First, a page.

Limosa article summary      

[previous]

[next]

BIJLSMA RG (2016) Song rate and song type of Wood Warblers Phylloscopus sibilatrix as proxies for mating status, breeding success and detectability.. LIMOSA 89 (1): 2-11.

In the northern Netherlands, song rates of Wood Warblers Phylloscopus sibilatrix were quantified in 2015, mainly by repeatedly recording the number of songs per minute for each territorial male throughout the breeding season, from arrival until departure. A distinction was made between full song and short song, the latter typical of males having acquired a mate. Males started singing upon arrival, and continued to do so until a female showed up. Song rates of unmated males averaged 5.53 songs/min, declining to 3.27 during pair formation, 2.81 during nest-building and less than 1 during egg laying and incubation. Males stopped singing during the nestling stage. As soon as the male had acquired a female, song type changed from full song to short song, the latter always in a lower frequency than full song except during incubation (when 1.11 short songs/min). Unmated males continued singing until late June, when full song came to a dead stop. Polyterritorial males also continued singing until late June, but at a slightly lower frequency than unmated males (4.72 songs/min). Song rate was very stable throughout the day, from sunrise until early evening. A single male that was intensively monitored from arrival (16 May) until after mating (18 June) sang 185,000 times during this period. Body masses of unmated males were similar to that of mated males during the nestling stage (9.71 g and 9.50 g respectively). This may suggest that full singing is a costly enterprise, perhaps as costly as raising chicks.
As song rate and song type in Wood Warblers are closely associated with mating status and breeding stage, variations in the date of female arrivals (3.6-11.2 days after male arrivals) and laying date (7.4 and 24.3 days after female arrival) may result in large variations in annual detection probabilities. Also, the proportion of unmated males in Dutch Wood Warbler populations varied between 0 and 100% per annum (on average 49% on the Veluwe in 1974-2015, and 54% in Drenthe in 2011-15), again resulting in widely differing detection probabilities. Together with the males tendency to form clusters of territories (a mixture of mated and unmated males), polyterritoriality (at least 6-8% in Drenthe, but probably more frequent) and large annual variation in breeding success (naive breeding success varying between 12 and 60% on Veluwe in 1974-2015, and between 25 and 75% in Drenthe in 2011-15), the large variation in timing and mating frequency are likely to cause significant variations in annual detection probablities. Only when detection probabilities are validated each year, and breeding surveys take into account song and call types to interpret mating status and breeding stage, can monitoring of Wood Warblers hope to approach reality and produce biologically meaningful data.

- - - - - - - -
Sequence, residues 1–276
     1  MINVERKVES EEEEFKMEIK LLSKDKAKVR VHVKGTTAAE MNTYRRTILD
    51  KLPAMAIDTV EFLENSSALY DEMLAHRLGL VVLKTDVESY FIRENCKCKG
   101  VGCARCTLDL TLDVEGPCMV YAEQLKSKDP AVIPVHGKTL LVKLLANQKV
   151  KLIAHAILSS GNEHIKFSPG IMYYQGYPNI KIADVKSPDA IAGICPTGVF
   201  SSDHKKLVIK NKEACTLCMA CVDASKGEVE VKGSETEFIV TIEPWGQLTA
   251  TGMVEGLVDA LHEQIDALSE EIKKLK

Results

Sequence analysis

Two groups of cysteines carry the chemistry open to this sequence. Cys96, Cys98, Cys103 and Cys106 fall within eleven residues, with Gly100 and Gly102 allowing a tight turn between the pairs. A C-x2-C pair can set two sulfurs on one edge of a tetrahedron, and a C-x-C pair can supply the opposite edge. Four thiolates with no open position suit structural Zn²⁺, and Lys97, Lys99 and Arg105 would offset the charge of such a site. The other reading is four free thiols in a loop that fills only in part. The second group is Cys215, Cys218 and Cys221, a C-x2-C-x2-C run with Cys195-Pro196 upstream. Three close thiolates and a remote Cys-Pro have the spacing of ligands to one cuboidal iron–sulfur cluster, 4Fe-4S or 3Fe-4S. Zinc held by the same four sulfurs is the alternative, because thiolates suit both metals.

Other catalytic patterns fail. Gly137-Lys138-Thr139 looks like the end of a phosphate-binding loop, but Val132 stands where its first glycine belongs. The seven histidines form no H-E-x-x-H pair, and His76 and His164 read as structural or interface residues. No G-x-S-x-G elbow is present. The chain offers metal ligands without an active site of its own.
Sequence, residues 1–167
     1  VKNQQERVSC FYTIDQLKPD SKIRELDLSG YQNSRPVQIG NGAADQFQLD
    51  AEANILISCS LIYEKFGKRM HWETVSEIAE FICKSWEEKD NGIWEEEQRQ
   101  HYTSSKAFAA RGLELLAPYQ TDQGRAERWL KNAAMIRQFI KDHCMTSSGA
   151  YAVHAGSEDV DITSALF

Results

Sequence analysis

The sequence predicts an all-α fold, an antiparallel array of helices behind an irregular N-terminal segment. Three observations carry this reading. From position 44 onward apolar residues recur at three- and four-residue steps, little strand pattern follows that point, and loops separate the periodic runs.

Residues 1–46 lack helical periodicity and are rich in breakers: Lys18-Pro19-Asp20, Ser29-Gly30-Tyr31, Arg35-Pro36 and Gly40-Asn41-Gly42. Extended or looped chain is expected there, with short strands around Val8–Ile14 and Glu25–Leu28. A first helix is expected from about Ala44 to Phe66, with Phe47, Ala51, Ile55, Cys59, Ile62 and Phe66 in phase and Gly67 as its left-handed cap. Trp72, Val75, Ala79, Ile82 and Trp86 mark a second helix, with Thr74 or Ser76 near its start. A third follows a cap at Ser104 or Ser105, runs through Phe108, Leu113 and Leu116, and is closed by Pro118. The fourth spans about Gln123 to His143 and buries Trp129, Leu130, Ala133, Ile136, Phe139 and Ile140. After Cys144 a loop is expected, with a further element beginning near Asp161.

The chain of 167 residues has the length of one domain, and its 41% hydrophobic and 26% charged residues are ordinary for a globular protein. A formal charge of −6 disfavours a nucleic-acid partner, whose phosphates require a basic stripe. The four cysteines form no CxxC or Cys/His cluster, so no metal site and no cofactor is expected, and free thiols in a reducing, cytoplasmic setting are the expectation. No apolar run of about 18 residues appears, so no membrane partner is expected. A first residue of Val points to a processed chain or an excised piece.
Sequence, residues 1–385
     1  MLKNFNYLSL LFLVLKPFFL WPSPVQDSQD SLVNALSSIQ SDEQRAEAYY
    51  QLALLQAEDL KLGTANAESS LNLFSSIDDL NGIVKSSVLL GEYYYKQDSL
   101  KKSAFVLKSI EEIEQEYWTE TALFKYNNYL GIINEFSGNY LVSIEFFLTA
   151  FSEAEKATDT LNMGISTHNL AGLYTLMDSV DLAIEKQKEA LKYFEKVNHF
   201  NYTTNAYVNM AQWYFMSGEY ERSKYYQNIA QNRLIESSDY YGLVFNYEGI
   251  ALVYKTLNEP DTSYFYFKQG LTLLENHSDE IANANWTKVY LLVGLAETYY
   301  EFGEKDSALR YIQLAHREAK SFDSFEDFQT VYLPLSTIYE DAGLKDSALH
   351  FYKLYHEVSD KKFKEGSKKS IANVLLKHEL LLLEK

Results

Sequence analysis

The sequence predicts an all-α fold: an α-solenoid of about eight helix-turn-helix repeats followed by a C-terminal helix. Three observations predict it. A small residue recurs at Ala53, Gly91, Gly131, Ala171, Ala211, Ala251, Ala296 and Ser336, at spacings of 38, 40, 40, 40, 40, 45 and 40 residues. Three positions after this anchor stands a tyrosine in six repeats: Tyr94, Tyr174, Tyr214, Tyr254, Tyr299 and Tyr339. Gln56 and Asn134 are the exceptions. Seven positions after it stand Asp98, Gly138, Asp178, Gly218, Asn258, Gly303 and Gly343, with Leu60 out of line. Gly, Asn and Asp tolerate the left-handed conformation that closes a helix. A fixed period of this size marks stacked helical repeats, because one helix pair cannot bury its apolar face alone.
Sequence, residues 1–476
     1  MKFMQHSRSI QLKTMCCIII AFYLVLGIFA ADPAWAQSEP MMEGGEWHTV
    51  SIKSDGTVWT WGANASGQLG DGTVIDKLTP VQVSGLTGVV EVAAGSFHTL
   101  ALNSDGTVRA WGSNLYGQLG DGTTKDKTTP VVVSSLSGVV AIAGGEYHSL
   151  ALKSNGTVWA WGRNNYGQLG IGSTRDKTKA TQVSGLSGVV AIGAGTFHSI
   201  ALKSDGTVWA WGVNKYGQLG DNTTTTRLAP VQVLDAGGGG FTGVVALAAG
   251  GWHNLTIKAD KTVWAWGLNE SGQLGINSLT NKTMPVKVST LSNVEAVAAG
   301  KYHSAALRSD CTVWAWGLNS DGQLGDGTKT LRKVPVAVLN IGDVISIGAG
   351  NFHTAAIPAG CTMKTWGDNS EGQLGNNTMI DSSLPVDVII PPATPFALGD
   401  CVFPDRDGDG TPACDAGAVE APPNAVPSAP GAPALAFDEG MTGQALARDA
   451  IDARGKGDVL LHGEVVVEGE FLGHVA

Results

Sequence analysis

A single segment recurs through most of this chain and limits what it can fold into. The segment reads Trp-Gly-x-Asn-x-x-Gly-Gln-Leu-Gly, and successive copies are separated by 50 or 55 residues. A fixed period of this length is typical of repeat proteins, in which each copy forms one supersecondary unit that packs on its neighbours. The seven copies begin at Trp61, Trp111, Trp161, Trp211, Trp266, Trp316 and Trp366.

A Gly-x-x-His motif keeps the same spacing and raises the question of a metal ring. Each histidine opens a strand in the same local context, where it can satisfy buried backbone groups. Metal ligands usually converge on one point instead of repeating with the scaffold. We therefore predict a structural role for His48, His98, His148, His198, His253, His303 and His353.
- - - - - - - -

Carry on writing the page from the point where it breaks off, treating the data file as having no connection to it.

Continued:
[pdf only for members] [dutch summary]



limosa 89.1 2016
[full content of this issue]